T-minus one week for departure to Kenya. A pile is starting to grow in my office as I assemble the items from my packing list. It is the same list I have usedfor years and with each trip, it gets a little more refined. I also have items that just live in a bag whichI pull out about a week before departure.
Highlights from the Kenya bag include: satellite phone, snake bite kit, a pack of syringes, Halloween glow sticks (great for just enough light in the hut), DUCT TAPE (invaluable), compact tool kit, and a couple of lightweight backpacking towels. In addition, I’m bringing supplies for our truck, called the Gumpsmobile: air compressor inflator,a nylon luggage bag that can be tied to the roof rack, and a fan for the cab on those 100+ degree days as we travel around the district. I’m also bringing a few gifts: solar-powered lights, grey “Yankees” t-shirts by request, ties for the safari camp managers, and 4 copies of “It’s Our Turn to Eat: The Story of a Kenyan Whistleblower” by Michela Wrong, a recent book about Kenyan government corruption. I’m especially delighted to be distributing this book as it is impossible to buy in bookstores in Kenya.
One of the greatest challenges in running an organization in Kenya is the rightful need to have accountability and transparency in everything we do, especially our financial transactions in a primarily cash society. So I have a box of duplicate receipts for payments to the extra staff we hire, like Semeji, our bodyguard; Omar, chef and mechanic; and Hassan, all-around helper for the big meetings in the villages. I’m also bringing some new business cards for Kura, our Kenya Operations Director.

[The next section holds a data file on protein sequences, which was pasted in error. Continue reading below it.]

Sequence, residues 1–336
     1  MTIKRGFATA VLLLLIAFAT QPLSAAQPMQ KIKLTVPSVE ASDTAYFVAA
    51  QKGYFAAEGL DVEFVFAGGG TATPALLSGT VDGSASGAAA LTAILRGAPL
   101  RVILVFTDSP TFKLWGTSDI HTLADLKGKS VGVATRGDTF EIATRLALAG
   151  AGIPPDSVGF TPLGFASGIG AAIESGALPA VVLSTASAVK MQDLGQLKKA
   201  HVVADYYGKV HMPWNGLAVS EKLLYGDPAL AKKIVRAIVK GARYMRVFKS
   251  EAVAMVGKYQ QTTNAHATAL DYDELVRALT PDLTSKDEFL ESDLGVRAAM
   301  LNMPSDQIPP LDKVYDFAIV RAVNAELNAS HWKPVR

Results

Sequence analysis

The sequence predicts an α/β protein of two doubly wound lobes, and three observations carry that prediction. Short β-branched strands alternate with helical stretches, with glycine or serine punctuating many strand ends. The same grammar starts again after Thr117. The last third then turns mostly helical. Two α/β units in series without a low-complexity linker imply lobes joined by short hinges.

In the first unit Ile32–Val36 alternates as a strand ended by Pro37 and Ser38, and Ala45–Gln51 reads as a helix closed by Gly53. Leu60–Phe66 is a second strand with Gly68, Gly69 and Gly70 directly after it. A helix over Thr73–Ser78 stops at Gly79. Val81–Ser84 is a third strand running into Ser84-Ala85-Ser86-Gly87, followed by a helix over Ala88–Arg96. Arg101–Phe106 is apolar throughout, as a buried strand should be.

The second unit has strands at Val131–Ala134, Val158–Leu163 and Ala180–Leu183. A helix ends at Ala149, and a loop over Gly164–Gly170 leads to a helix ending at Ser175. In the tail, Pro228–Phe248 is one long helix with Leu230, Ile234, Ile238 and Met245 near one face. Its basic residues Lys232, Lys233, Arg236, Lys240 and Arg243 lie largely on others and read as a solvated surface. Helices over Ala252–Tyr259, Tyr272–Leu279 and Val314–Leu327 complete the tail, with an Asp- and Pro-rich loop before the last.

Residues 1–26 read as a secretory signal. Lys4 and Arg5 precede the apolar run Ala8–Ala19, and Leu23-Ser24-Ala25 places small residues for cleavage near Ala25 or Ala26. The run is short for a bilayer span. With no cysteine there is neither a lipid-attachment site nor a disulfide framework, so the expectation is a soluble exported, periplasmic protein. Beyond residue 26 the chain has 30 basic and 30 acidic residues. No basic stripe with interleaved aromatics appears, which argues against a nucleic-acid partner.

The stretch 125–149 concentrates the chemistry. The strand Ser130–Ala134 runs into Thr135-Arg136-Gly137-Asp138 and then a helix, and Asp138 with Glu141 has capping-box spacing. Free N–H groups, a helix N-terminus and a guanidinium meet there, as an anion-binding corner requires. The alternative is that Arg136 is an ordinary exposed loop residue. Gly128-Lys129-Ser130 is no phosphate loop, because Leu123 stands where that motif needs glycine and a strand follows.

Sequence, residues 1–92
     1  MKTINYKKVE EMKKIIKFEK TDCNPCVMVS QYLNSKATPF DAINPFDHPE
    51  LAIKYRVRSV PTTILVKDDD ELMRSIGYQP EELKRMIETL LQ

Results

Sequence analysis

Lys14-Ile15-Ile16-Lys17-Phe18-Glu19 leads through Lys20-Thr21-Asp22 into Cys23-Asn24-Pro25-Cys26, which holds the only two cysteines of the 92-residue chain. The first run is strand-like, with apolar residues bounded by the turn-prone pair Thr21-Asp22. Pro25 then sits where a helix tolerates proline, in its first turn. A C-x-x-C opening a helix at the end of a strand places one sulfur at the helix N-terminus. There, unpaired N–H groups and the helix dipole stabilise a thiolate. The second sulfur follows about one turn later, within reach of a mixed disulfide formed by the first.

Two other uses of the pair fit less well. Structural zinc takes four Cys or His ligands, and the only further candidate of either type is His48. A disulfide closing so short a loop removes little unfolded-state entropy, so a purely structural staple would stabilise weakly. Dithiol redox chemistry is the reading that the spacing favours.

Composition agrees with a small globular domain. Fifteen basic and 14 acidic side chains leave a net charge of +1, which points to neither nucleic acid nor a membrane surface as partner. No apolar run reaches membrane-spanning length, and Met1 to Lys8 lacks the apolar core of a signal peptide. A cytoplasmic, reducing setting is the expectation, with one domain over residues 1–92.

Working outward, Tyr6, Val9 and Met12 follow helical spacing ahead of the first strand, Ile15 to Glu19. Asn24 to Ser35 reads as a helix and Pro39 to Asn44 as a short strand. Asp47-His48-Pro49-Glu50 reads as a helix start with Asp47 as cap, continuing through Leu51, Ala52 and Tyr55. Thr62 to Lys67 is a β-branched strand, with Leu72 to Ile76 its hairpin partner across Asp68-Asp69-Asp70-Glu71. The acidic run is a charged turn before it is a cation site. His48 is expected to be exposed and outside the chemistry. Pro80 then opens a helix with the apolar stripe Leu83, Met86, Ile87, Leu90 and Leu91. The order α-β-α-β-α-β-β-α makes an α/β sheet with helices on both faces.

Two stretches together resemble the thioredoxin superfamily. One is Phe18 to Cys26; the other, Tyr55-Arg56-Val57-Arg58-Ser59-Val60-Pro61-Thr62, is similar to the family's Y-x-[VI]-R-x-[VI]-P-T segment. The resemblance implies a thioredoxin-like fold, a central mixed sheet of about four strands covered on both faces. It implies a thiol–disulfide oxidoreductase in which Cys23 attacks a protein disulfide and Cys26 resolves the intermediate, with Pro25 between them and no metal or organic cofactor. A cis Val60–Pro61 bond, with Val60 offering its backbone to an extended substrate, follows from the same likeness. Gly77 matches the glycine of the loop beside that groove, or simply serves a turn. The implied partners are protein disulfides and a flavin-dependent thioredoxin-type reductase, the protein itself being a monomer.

When I arrive in Nairobi I’ll buy the rest of the supplies we need for the trip north, as well as additional gifts for the women leaders in the villages in which we work: scarves, yards of fabric, thermos jugs and mugs for the indispensable cups of chai.
After weeks in the office, primarily writing grant applications, I’m looking forward to getting out of the office and spending 4 weeks outside, taking in the sun and the heat and the warmth of the people.